“Since I was young I’ve been influenced by Black music. I’m a rapper and a DJ so I should use my music to express my support for Black people. I chose songs for the mixtape that would talk about the inequality Black people face,” he told The World via text message.

Major Chinese hip-hop stars may never acknowledge the debt they owe Black artists for the music that’s made them famous. But rappers like Saber, Nasty Ray and Bohan Phoenix are beginning to use their music as a platform to educate their fans about social justice and the history of hip-hop — something they’re continuing to learn themselves. 

Wale & Anthony Hamilton – Live Forever (The Birth Of A Nation The Inspired By Album) letras

[Intro]
Oh-oh-oh
Oh-oh-oh
Oh-oh-oh
Oh-oh-oh

[Hook: Anthony Hamilton]
I got so much to live for
So much to share
Could take a look in the mirror
And there’s no one else to care
I got so much to live for
So much to give
I don’t care if we take forever
Forever I’ll live
[Verse 1: Wale]
See my future in my daughter’s eyes
And at 45, woulda thought of making my daughter cry
It’s real hitters in the district that know me the best
Grew up with some men that’s homeless and smoking that wet
Hoping they closer to death
I’m totally over focused and don’t you forget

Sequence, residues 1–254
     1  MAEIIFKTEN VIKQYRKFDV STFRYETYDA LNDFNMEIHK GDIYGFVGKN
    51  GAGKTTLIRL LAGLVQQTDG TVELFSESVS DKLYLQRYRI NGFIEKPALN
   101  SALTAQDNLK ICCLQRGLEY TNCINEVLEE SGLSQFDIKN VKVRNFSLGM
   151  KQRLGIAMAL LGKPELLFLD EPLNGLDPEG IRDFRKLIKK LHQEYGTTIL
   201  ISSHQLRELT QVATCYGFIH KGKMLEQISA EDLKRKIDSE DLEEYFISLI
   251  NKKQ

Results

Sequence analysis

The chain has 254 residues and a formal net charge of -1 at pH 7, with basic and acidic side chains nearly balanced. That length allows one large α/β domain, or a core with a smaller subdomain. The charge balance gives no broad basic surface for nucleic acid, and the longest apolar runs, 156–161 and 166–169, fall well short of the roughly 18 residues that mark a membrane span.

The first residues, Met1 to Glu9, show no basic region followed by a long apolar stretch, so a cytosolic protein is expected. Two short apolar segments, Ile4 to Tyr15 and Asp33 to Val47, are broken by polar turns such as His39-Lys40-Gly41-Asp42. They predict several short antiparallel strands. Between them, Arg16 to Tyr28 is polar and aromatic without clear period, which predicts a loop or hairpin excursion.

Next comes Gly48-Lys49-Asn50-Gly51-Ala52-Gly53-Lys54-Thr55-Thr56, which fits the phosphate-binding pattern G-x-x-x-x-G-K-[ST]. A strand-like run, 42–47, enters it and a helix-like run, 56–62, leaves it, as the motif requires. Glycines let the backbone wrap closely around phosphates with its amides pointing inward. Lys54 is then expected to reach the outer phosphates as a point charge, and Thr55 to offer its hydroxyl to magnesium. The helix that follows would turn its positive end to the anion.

The so-and-so’s they put over me, know I’m the best
I’m blessed with the bars, shawty this is God work
I made some A&Rs rich off of hard work
They killing men and they innocent but they killing many
That badge of honor just not enough to conceal they feelings
They offing all us that’s just what I’ma tell my daughter partner
Study in school, watch out for cooties in the law department
Hey, I coulda kept my scholarship but hey
And I could have been a robber couldn’t I have? Yeah
A 4.5 40, or a 45 40, either way I run for my defense

[Hook: Anthony Hamilton]
I got so much to live for
So much to share
Could take a look in the mirror
And there’s no one else to care
I got so much to live for
So much to give
I don’t care if we take forever
Forever I’ll live

[Verse 2: Wale]
Another bragger, money don’t make ya boy
And lil Chad struggle with makers boy
So I ain’t waiting for no reparations
Man who got the patience
Just pay attention, I make my statements, boy
Well, you young and black, you may be lacking motivation
Unless you run or shoot a basket, women out here naked
1 in every 20 of ’em doing good though
That’s not a stat, that’s actually out my phone book
And I pray tonight night because they hate us and know it
I’ma pray tonight homie my lil baby don’t know it
I’ma hold on tight homie for every weapon they folding
How can all lives matter if it’s only brothers that’s mourning?
Haah, yeah
BLM till we see the end
See I was sort of sleeping until I seen the debt man
Numbers exceed the limit
And now I see it different
Ain’t willing to die for it? At least breathe it in

[Hook: Anthony Hamilton]
I got so much to live for
So much to share
Could take a look in the mirror